Between Port Alfred and East London lies some of the Eastern Cape’s least-developed coastline, although it has now fallen into the hands of developers as more and more people discover the beauty of the region. East London, wedged uncomfortably between two ex-Bantustans, is the largest city in the central region of the province, with excellent beaches for surfing and swimming and good transport links to Johannesburg and along the coast. Inland, Fort Hare University near Alice has educated political leaders across the subcontinent, including Nelson Mandela, and has the country’s finest collection of contemporary black South African art.
Sweeping up from Fort Hare’s valley, the gentle, wooded Amatola Mountains yield to the dramatic landscapes of the Eastern Cape Drakensberg, which offer hiking, horseriding and even skiing opportunities. Before white settlers (or even the Xhosa) arrived, these towering formations were dominated by San hunter-gatherers, who decorated the rock faces with thousands of ritual paintings, many of which remain surprisingly vivid.Read More
EAST LONDON, the second-largest city in the Eastern Cape, is the obvious jumping-off point for exploring the Transkei. But without fine, warm weather, the city is dreary. What does happen takes place along the beachfront, where there’s a plethora of places to stay, eat and drink. Nahoon Beach is a great surfing spot, and the town has a dedicated and lively surfing scene. It’s also gradually becoming a place for black holidaymakers – a post-apartheid phenomenon. The beaches to the east of town are very beautiful, with long stretches of sand, high dunes, estuaries and luxuriant vegetation, and good swimming.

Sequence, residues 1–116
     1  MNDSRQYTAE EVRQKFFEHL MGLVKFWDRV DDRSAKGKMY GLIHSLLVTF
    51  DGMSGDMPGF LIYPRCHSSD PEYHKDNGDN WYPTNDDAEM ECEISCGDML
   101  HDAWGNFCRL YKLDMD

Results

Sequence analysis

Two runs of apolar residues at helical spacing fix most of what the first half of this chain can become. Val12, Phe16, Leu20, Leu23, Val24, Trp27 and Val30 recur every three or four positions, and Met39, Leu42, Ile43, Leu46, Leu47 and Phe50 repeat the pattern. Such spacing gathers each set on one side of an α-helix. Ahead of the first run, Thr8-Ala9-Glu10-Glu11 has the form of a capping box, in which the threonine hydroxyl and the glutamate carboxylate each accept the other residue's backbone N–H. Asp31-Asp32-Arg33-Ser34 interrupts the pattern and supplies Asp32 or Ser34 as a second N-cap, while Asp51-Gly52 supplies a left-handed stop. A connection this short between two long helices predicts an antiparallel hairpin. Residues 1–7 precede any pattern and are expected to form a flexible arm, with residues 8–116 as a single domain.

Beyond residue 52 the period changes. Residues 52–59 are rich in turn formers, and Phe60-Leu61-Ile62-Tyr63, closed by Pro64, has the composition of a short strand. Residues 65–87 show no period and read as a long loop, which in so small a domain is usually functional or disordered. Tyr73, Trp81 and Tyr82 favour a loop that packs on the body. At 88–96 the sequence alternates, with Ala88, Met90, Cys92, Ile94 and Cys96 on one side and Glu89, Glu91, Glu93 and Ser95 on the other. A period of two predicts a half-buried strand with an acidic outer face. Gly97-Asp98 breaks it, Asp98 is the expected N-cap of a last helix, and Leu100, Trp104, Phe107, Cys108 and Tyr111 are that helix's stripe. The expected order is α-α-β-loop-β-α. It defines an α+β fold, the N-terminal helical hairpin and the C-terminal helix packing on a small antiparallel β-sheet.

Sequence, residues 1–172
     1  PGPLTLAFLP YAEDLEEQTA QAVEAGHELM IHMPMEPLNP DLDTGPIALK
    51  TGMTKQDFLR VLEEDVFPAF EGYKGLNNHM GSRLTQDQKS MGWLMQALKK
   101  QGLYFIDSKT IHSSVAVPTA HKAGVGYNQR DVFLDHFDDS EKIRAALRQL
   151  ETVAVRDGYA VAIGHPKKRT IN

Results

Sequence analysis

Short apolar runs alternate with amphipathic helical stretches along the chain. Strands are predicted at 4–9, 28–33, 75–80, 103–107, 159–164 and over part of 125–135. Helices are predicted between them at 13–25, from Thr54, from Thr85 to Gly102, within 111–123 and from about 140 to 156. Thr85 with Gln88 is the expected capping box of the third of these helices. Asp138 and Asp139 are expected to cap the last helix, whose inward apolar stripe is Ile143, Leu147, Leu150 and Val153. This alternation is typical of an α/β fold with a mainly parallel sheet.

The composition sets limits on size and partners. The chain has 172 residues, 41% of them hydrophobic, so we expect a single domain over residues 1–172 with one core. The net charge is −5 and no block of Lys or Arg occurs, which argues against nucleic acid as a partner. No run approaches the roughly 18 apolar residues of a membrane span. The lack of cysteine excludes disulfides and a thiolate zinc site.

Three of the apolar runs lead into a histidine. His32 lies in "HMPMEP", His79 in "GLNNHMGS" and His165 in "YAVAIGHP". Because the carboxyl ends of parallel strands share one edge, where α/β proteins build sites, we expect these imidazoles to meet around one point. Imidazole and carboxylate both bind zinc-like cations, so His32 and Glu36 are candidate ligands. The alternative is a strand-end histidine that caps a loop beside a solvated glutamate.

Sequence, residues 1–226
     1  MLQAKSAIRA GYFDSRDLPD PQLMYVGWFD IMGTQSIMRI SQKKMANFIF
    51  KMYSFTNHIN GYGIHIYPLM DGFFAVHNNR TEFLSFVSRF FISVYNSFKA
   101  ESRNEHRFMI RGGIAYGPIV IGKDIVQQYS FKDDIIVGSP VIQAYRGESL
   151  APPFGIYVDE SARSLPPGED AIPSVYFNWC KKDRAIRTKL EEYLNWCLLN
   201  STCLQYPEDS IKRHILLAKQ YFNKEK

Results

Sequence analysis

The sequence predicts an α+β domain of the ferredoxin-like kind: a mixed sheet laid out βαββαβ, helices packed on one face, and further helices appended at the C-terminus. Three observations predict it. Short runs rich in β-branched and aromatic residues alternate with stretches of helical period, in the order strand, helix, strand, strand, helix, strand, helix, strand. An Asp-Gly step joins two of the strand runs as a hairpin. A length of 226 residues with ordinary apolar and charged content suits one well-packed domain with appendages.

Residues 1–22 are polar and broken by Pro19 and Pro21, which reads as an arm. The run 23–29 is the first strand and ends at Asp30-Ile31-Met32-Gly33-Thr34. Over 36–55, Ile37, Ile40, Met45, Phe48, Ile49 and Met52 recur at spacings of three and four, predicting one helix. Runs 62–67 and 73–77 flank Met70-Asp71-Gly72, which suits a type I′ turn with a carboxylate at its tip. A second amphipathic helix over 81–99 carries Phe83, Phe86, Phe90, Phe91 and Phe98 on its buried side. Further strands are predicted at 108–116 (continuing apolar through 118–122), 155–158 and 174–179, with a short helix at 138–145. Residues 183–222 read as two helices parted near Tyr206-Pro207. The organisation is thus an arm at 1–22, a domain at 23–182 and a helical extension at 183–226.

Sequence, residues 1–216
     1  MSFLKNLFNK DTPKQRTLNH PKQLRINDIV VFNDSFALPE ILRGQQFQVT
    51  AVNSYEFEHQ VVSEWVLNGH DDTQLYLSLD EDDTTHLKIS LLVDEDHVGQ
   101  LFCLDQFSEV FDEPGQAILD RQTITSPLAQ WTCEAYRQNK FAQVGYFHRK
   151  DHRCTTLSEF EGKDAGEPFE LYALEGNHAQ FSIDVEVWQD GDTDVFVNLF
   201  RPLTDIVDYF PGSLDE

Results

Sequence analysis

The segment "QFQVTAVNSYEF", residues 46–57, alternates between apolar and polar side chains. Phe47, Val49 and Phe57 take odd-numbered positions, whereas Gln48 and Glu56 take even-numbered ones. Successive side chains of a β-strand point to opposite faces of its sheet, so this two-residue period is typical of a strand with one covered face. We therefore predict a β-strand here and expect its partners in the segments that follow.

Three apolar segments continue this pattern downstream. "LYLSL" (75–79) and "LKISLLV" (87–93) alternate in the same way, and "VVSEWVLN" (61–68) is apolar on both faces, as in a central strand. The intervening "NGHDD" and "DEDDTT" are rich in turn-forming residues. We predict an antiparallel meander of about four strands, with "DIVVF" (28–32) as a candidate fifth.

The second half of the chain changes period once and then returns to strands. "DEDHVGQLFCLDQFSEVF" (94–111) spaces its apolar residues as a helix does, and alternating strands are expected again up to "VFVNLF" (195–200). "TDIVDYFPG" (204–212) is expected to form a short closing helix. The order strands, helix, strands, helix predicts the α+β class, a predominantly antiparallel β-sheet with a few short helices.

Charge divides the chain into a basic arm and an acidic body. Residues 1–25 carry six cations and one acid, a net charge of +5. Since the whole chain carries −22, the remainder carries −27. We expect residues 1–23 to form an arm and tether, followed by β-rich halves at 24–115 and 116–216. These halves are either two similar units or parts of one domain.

East London’s drab city centre is dominated by Oxford Street, parallel to Station Street and the train station. Although a major traffic thoroughfare, it is largely deserted at night, when you shouldn’t wander around alone. The newly upgraded Vincent Park Centre on Devereux Avenue is a popular shopping centre with cinemas and restaurants. It is 5km north of the city centre (leave the centre on Oxford St, and turn right into Devereux just beyond the museum), in the midst of the salubrious suburbs of Vincent and Stirling. This is the best place for shopping, or to find anything practical such as banks and the post office. Apart from a couple of handsome buildings, East London’s Victorian heart has progressively been demolished, though the city centre’s principal landmark, the splendid terracotta and lace-white City Hall, opened in 1899, remains. Over the road is a rather lifeless statue of martyred Black Consciousness leader Steve Biko.
Away from the holiday strip, East London is dominated by an industrial centre served by Mdantsane, a huge African township 20km from the city towards King William’s Town.
- The Amatola Mountains